Our book last night was Radium Girls: the dark story of America’s shining women by Kate Moore.  When radium was discovered, it was considered  something of a wonder drug with the ability to cure tumors and, if ingested in minute quantities, create a healthful glow.  It also had industrial uses, the most important being to create luminescent numbers and letters on watch and clock dial faces and on the dial faces of aircraft and automobiles.  The workers who did the painting were almost exclusively women who were taught the technique of “lip-pointing.”  The women would dip their brushes into a radium solution prepared by their male managers and then create a sharp tip by twirling the brush between their lips.  In addition, since the employment was based on piece work, they were encouraged to keep working at their tables even during meal breaks, thus ingesting more radium.  The pay was lucrative and the employed women felt lucky to have the jobs and even enjoyed that their clothing glowed in the dark when they made their ways home.  All was well until some women began to suffer mysterious pains in their mouths and began to lose teeth as well as part of their jaws.  Many developed hideous tumors on their extremities and more than a few died.  Lawsuits began between the United States Radium Corporation and the women.  The issue was radium poisoning, the company claiming it was safe and the women and their lawyers contending it was lethal.  Our conversation centered on the relationship of employers and employees and who, ultimately, is responsible for worker safety, then and now.  Our own experiences played a major role in the conversation.

Our next meeting will be on September 27, 2018.  The book to be discussed, Hue 1968: a turning point of the American war in Vietnam by Mark Bowden, is available at the Circulation Desk.  All are welcome.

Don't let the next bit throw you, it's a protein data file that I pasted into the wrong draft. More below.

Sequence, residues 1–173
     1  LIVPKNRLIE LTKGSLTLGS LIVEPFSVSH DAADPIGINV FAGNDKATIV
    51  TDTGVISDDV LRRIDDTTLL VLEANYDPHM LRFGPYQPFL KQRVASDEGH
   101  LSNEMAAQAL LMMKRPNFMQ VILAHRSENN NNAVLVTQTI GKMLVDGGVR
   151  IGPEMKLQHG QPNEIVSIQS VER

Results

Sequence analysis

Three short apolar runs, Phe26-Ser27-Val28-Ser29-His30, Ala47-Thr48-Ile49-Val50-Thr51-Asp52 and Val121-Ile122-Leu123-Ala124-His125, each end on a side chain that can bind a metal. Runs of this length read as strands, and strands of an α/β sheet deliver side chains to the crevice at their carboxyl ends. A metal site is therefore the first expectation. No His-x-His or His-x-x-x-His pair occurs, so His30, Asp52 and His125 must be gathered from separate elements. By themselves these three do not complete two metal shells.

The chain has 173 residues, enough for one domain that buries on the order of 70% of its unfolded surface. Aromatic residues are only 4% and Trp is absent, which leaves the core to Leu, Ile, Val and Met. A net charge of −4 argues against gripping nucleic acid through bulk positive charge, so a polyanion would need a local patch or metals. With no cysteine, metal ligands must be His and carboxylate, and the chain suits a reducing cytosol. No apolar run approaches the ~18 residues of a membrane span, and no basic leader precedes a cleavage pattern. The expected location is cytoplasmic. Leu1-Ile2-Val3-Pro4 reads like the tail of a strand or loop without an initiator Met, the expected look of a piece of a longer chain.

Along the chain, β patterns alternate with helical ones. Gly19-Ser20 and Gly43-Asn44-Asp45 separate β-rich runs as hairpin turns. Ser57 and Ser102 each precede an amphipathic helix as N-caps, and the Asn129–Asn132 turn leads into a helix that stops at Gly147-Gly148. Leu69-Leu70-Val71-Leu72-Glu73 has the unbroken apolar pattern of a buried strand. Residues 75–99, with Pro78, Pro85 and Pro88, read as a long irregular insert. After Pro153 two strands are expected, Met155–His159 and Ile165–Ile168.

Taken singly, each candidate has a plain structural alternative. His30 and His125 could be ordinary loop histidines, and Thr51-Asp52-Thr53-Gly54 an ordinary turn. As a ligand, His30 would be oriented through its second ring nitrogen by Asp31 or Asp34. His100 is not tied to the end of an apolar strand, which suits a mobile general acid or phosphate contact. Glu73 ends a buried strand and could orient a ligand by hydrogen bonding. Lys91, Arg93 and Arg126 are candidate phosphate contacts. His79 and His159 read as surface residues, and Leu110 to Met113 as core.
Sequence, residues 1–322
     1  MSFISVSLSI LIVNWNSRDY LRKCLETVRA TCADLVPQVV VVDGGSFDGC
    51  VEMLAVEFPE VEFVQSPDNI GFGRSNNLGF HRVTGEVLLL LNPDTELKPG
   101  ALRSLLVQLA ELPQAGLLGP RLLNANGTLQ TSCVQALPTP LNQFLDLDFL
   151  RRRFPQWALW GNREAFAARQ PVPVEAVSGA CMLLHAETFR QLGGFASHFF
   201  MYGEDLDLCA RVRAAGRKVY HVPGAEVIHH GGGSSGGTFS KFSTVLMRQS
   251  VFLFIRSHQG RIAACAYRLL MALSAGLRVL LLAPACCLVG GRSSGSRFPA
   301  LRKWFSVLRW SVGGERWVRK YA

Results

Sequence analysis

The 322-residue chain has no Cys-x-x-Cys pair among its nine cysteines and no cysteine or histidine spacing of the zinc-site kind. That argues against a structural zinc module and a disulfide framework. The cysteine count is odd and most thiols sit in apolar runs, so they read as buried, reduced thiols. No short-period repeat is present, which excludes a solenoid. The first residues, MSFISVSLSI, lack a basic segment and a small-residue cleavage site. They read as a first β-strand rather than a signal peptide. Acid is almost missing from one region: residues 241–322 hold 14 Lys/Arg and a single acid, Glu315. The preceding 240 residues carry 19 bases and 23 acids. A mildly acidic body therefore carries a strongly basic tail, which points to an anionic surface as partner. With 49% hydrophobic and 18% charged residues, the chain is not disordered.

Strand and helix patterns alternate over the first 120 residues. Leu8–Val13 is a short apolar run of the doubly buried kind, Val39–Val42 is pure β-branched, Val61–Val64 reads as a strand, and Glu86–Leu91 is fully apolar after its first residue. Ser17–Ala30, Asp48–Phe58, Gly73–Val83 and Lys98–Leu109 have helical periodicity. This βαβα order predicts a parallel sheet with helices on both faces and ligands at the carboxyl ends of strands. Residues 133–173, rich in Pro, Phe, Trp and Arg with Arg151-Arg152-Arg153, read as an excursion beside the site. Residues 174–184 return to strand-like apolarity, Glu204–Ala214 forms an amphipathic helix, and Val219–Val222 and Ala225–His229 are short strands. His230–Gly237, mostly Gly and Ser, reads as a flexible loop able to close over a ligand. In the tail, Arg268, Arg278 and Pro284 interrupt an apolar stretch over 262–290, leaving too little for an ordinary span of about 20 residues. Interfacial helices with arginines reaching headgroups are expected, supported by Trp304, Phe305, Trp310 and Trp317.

Saturday, August 18, 2018

Adult 2018 Summer Reading Club

Title: The Middleman
Author: Olen Steinhauer
Review: When 400 people disappear on the same day and leave no trace, the FBI investigates. A popular movement called the Massive Brigade is at the heart of it. But what is it really? The agent in charge is determined to find out. And she does!
Rating: 3





Title: I've Been Thinking...
Author: Maria Shriver
Review: Growing up in the Kennedy shadow, being California's First Lady and most importantly, a mother - Maria brings meditations and prayers to anyone that needs to recharge and regroup and move forward in their life with gratitude.
Rating: 2.5





Title: What I Know for Sure
Author: Oprah Winfrey
Review: In true "Oprah" style she brings thoughts, advice and ideas based on her life and experiences.  Thought provoking at times

Tuesday, August 14, 2018

2018 Adult Summer Reading Club

Title: The Dry
Author: Jane Harper
Review: With no rain, this small Australian town is ready to ignite. And so are its inhabitants. When Aaron  returns for his best friends funeral, he finds all the answers to all the old mysteries. A well written mystery.
Rating: 5